B. Berggren, A. Fili, O. Nordberg

Royal Institute of Technology (SWEDEN)
The Swedish higher educational system is under pressure. The competition from international universities is getting fiercer, and the demographical projections indicate that the number of students entering the university system is peaking right now. At the same time, the financial support from the government is decreasing. In order to stay competitive Swedish universities are trying to find strategies for using the scarce resources in the optimal way. The problem is to strike a balance between quality and efficiency.

Over the past ten years a lot of improvement has been made within the Royal Institute of Technology (KTH) regarding quality and innovation in education. Pedagogical courses are mandatory for the staff, and the merits of educational experience have been emphasized in hiring new staff members. Even though problem-based learning, constructive alignment and peer instruction are common in most courses today, some other aspects of education and learning remains the same. One such conservative trait has to do with written examinations.

Since the founding of the university in 1827, all written examinations have been done using paper and pen at the Royal Institute of Technology. It is interesting to note that even the school of computer science is using paper and pen for their final written examinations. The problems with using paper and pen are numerous and includes; problems with reading and grading because of poor handwriting, distribution of exams between teachers in the same course, written exams getting lost, etc. In comparison with other parts of the educational system, little has happened to improve quality and efficiency when it comes to written examinations.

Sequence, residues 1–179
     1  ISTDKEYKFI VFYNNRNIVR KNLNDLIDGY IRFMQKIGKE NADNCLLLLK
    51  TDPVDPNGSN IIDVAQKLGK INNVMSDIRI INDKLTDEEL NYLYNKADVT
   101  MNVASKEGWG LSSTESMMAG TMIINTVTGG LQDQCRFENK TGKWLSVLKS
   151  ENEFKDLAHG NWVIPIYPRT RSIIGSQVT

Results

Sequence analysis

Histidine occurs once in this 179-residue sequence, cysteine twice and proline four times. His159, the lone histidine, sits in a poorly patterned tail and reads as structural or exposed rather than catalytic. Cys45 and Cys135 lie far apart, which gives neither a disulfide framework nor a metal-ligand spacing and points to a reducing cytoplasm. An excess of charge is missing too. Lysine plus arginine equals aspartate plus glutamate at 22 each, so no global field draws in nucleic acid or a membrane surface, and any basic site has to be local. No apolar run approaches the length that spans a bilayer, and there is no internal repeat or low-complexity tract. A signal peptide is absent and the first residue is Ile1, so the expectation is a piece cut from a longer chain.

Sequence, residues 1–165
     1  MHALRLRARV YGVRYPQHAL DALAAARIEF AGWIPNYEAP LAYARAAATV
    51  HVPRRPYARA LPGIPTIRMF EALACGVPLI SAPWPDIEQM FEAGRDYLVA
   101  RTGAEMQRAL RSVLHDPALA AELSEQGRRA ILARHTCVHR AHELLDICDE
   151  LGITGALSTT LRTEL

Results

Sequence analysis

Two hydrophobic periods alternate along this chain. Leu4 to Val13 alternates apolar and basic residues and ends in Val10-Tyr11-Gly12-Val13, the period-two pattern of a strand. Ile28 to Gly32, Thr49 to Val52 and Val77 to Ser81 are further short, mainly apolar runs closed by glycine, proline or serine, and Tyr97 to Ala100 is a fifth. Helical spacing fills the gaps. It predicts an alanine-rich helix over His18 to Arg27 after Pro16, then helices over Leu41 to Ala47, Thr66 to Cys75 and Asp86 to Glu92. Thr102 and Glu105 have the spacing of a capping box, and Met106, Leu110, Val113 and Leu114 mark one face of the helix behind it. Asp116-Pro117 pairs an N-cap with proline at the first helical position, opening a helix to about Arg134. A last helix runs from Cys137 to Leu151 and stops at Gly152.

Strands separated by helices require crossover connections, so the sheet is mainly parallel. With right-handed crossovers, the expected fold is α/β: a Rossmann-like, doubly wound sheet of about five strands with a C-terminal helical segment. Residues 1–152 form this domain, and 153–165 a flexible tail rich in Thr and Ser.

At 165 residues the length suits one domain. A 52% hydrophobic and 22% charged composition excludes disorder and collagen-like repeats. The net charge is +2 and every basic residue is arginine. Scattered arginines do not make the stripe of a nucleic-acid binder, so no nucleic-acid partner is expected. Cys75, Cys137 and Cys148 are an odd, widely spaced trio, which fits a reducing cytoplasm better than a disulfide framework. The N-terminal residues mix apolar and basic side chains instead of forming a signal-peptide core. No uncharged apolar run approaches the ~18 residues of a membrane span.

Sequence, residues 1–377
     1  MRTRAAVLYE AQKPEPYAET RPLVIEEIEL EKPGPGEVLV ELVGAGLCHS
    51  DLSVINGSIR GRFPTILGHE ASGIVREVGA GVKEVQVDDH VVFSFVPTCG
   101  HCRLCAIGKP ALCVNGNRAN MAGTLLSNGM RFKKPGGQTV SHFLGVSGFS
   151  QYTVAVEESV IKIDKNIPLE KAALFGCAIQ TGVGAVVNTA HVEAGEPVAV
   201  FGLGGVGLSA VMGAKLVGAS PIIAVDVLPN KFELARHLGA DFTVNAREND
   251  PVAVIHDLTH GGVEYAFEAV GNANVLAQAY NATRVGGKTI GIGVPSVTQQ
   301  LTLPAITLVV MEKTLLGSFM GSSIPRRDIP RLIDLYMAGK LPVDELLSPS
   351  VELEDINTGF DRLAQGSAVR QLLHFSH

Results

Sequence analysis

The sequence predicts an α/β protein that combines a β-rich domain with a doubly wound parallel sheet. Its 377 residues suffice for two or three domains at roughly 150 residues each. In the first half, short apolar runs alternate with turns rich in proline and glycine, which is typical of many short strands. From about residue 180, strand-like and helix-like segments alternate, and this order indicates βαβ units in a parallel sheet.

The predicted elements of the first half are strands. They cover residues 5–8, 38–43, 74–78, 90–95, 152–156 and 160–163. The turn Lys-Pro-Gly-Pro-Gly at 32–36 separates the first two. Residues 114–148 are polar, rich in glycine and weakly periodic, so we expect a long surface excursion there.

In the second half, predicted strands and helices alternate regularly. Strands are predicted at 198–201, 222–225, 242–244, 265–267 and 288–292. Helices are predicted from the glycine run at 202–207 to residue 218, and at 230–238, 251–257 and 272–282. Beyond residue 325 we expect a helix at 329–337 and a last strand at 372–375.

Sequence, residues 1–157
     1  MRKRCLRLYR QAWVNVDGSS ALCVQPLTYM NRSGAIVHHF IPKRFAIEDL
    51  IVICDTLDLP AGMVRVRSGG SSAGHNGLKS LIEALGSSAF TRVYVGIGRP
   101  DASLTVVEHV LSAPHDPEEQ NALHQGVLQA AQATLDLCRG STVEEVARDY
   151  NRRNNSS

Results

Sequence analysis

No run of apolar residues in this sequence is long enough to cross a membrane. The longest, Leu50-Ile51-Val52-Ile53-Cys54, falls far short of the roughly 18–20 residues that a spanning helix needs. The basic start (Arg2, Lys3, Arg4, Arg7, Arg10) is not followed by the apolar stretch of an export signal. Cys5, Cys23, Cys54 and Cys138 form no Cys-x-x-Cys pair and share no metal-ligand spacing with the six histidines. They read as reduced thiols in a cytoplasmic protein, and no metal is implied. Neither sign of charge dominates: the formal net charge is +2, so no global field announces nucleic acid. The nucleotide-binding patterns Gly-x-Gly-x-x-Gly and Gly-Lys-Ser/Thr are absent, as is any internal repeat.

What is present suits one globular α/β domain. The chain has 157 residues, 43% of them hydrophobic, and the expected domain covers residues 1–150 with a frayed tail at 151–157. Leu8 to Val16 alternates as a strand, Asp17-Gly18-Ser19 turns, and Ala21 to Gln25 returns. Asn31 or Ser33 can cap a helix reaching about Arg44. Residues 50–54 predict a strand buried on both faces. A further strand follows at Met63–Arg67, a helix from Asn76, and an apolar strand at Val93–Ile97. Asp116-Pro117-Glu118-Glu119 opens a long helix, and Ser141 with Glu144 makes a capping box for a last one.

During 2013 and 2014 a number of teachers initiated a project for increasing the efficiency in written exams. There was a general understanding that the final part of the courses consumed too much time and effort in relations to the other parts. Hence, new software for digital examinations was identified and a license was purchased.

This paper summarizes the experiences that the teachers have made during this trial period. The experiences are divided between three different perspectives; the teachers, the students and the administrators. From the teachers perspective the experiences have been very positive – less time have been allocated to grading written exams, the grades are perceived as more just and the saved time can be spent on increasing the quality on other parts of the course. From a student perspective the experiences have been positive – most students are positive in that they get the results much quicker, that they can edit their answers on the exam easier and that the grades are more just. The experiences from the final perspective – that from the administrators’ point of view – are far more complex. Some parts of the administrative system encouraged the projects, whereas other parts tried to stop it, using different measures.

The paper concludes with some advice on implementing changes in written exams, based on the experiences from the Swedish case.